At the archery portion of the Naadam Festival held in July each year in Ulaanbaatar, a female archer in elegant Mongolian dress aims to topple a small wall of marked blocks from over half a football field away. The skill demonstrated by the archers in the competition is absolutely amazing as they more often than not hit the center portion of the marked blocks.

For Hunger Games archer Katniss Everdeen, it was take initiative or starve to death. After her father died and her mother was crippled with grief, feeding the family fell to Katniss. It took time, but she learned to recognize that she had developed skills that could save her family if she would put to work the tools her father had given her:

For a while, I hung around the edges of the Meadow, but finally I worked up the courage to go under the fence. It was the first time I’d been there alone, without my father’s weapons to protect me. But I retrieved the small bow and arrows he’d made me from a hollow tree. I probably didn’t go more than twenty yards into the woods that day. Most of the time, I perched up in the branches of an old oak, hoping for game to come by. After several hours, I had the good luck to kill a rabbit. I’d shot a few rabbits before, with my father’s guidance. But this I’d done on my own.

We hadn’t had meat in months… The woods became our savior, and each day I went a bit farther into its arms. It was slow-going at first, but I was determined to feed us. (The Hunger Games, Chapter 4, Paragraphs 17-19, Pages 50-51)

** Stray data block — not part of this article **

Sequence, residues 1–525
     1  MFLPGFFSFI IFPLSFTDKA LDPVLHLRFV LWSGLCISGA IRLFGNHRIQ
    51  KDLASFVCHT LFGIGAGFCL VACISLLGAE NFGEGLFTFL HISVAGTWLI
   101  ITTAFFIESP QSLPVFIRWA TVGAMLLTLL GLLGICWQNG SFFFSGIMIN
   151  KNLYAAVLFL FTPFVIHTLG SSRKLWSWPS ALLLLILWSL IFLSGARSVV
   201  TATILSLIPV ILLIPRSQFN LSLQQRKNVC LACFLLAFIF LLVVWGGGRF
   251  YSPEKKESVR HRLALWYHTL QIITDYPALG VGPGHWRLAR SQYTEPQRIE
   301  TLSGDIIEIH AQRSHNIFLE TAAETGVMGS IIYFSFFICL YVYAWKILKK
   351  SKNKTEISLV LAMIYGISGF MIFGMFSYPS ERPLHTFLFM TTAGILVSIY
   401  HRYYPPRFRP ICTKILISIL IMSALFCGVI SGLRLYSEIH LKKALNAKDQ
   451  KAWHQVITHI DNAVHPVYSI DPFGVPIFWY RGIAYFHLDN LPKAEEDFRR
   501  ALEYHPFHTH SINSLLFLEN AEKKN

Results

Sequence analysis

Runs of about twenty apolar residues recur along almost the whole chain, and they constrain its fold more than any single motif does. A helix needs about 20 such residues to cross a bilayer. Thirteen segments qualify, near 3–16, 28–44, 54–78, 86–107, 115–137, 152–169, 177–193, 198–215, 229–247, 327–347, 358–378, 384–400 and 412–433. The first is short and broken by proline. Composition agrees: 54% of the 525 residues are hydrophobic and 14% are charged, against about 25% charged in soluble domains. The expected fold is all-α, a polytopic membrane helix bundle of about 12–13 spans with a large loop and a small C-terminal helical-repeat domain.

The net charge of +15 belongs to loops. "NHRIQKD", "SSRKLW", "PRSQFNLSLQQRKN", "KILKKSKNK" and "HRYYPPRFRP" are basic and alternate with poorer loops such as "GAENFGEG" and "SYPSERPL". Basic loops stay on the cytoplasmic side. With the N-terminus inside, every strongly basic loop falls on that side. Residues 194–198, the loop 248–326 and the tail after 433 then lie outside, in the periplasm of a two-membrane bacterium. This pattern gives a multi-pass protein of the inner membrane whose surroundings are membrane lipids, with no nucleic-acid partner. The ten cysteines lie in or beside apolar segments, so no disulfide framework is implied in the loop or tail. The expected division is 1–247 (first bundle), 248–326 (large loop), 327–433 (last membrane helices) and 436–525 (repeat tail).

Nephi also learned to show initiative when faced with severe difficulties. His ability to feed his family was threatened when his bow made of fine steel was broken. He made a decision that saved his family. While others complained, he set a self-imposed goal: To make a bow of wood and to put it to work. Nephi would have had to carve a piece of wood long enough, thick enough, straight enough, and flexible yet strong enough to draw back with great force without breaking it. Suitable wood in the area may have included olive, pomegranate, acacia, or juniper.

Nephi Finds Food While Others Complained

But it’s what he did next that sets Nephi apart. He went to his spiritual leader to seek his counsel. And it came to pass that I, Nephi, did make out of wood a bow, and out of a straight stick, an arrow. … And I said unto my father: Whither shall I go to obtain food?

Nephi chose to act. He did what he could to fix a bad situation. He didn’t wait to be “compelled in all things” but decided to be “anxiously engaged” and to do something “of [his] own free will” (D&C 58:26–27). The Lord then blessed his efforts by helping him to have a successful hunt (1 Nephi 16:29–31). His goals were not just self-imposed goals; they were goals that saved his family.

Clay Christensen and Ideas That Change The World